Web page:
THE PROPOSED Higher Education Commission of India (HECI), which will encompass the University Grants Commission (UGC) and the Indian Council for Technical Education (AICTE), is likely to have sweeping criminal powers as the government plans to expand it. to impose a fine of up to Rs 5 crore and also prosecute heads of institutions found guilty of committing violations.
Currently, the UGC, which is the supreme regulator of higher (non-technical) education, can impose a fine of up to Rs 1,000 for violations, including the establishment of bogus universities, under a law written in 1956, prompting demands for heavier penalties from time to time.
The proposed stiff penalties will likely be spelled out in the HECI Bill, which is being drafted by the Department of Education for tabling in the winter session of parliament. It is also learned that the Center is likely to stipulate the presence of at least one vice-chancellor from the state university and two professors from the state higher education councils in the proposed 15-member body. .
Other members, besides the president and vice president, are likely to include a vice-chancellor of a central university, a secretary of higher education, a secretary of finance, a legal expert and a reputable person of the ‘industry.
The move to mandate state representation on the commission marks a break with the government’s previous attempt to create the commission in 2018, when it faced resistance from some states and part of academia. who saw centralizing tendencies in the exercise.
The 2018 bill did not provide for any state representation on the commission. He was also criticized for a clause that gave the Center the power to remove the chairman, vice-chairman or any other member of the commission even on grounds of “moral turpitude”.
According to sources, the new bill retained this clause, but with the rider that removals can only be made after investigation by a sitting Supreme Court justice.
The bill, the sources added, will have a section dedicated to offences, penalties and arbitration, which will determine fines depending on the nature of the violations. If the violations are minor, the commission can issue opinions and request clarifications. However, if the issues are left unresolved, offenders can be fined at least Rs 10 lakh.
For “intermediate contraventions” there will be fines of at least Rs 30 lakh, while for “serious contraventions” penalties can extend up to Rs 5 crore, with a prison sentence of up to at five years old.
Checks and balances
THE PROPOSAL to arm the proposed HECI, which will be the overall regulator of higher education, with harsh criminal provisions comes at a time when the UGC is grappling with the proliferation of “fake universities”. The adjustments, compared to the previous attempt to create HECI, appear to be aimed at allaying states’ concerns.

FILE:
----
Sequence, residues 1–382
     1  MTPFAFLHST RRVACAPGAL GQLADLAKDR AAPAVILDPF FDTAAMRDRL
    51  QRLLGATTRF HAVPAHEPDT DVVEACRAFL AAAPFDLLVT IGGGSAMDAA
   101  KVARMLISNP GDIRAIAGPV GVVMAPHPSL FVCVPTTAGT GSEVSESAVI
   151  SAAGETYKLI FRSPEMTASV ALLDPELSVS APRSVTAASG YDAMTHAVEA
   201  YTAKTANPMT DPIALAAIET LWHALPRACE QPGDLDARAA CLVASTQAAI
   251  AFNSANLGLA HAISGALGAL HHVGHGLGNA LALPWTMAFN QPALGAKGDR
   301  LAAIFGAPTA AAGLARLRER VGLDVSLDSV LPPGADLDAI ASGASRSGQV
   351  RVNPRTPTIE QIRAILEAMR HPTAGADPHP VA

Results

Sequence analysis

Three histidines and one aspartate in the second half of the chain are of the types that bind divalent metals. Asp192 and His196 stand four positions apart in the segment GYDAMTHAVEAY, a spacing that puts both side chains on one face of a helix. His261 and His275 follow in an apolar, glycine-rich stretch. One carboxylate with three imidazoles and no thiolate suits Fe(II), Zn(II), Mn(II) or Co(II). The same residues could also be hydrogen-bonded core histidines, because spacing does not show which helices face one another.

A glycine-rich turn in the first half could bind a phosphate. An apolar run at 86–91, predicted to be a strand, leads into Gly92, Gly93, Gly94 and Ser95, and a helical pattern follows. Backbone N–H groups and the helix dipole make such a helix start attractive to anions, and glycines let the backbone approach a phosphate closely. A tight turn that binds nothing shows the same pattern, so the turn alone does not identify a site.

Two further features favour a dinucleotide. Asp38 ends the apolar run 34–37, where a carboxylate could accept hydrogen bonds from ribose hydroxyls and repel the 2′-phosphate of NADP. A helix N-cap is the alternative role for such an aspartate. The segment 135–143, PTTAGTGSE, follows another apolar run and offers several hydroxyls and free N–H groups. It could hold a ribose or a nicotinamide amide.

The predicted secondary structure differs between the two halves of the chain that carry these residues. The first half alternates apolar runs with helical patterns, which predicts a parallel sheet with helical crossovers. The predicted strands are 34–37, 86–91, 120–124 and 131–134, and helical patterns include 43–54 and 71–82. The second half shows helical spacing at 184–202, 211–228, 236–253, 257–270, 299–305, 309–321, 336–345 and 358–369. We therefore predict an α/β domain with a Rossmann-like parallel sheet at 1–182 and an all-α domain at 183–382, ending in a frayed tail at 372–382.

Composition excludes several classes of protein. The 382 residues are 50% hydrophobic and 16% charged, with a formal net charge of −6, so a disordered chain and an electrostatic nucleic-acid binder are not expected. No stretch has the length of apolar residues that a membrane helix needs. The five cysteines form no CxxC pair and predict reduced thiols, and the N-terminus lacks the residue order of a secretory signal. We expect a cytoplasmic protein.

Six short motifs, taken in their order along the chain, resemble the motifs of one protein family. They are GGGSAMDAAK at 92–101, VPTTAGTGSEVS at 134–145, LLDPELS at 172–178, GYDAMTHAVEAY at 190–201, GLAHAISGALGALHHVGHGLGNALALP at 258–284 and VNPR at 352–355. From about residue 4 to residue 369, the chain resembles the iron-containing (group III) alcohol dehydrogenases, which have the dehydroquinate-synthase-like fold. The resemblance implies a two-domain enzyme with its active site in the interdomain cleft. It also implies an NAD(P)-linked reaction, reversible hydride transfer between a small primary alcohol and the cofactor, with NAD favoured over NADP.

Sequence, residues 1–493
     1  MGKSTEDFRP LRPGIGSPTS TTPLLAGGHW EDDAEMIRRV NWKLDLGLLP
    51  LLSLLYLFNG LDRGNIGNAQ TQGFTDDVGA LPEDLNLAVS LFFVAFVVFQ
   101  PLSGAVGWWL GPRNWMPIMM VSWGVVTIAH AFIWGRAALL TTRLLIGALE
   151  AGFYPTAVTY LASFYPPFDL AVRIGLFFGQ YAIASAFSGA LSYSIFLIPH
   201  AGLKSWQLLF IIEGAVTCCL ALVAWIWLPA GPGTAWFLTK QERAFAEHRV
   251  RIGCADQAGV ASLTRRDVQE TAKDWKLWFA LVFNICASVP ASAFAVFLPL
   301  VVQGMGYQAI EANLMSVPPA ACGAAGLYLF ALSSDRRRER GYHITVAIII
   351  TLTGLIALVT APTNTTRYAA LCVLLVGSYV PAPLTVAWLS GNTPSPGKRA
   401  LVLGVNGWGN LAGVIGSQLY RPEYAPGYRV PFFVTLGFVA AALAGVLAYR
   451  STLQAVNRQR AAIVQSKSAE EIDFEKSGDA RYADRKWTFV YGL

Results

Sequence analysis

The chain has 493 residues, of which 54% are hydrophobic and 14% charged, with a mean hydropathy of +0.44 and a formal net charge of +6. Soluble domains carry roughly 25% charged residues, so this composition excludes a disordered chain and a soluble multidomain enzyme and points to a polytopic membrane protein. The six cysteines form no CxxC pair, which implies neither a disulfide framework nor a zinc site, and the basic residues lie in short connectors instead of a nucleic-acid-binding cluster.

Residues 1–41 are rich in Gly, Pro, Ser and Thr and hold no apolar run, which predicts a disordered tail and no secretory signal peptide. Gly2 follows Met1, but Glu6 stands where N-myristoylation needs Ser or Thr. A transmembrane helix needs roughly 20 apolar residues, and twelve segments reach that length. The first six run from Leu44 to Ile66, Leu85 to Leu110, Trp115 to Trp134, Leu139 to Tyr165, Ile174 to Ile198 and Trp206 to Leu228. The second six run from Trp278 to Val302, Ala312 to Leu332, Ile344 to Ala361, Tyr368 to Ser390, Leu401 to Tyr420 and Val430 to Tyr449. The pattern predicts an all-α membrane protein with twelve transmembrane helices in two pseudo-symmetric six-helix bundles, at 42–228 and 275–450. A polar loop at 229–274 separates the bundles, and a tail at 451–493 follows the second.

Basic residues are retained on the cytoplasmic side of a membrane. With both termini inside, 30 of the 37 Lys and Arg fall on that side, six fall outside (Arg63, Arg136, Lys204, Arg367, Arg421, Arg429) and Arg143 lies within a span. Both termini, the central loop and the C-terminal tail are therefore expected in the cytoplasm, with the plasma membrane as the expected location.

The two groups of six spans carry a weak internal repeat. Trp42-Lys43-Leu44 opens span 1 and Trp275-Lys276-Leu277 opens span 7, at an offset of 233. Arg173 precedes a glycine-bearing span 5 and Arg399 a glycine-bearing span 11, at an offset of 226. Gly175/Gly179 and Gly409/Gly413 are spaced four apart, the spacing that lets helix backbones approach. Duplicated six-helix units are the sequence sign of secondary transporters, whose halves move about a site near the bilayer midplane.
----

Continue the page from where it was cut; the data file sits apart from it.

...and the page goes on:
Also, for offenses committed by any institution of higher education, it is proposed to make the “executive director” of the institute liable unless he can prove the contrary.
The provisions of the bill are aligned with the 2020 National Education Policy, which recommended that medical and legal education be kept out of the scope of the proposed HECI, in which general education will fall. technical, pedagogical, professional and other.
The commission will have four independent vertical sectors – the National Higher Education Regulatory Council, the National Accreditation Council, the Higher Education Grants Council and the General Board of Education, each of which will be headed by a President.
Overall, HECI will be tasked with developing an integrated roadmap for the future of higher education in India and transforming existing tertiary institutions into large multidisciplinary units and research universities.
The National Council for Higher Education Regulation must, among other tasks, manage actions against institutions that do not meet accreditation standards and violate other standards, monitor financial and administrative irregularities and handle complaints from parties. stakeholders.
The National Accreditation Council will design the accreditation process. The Higher Education Grants Council will develop transparent criteria for funding higher education institutions, support grants, scholarships, etc.
The previous bill had run into controversy by suggesting that the grants would be managed by an “advisory board” under the Department of Education (then known as the Department of Human Resource Development). The new project will likely recommend that financial aid through grants be disbursed through a “transparent, merit-based, technology-driven system,” an official said on condition of anonymity.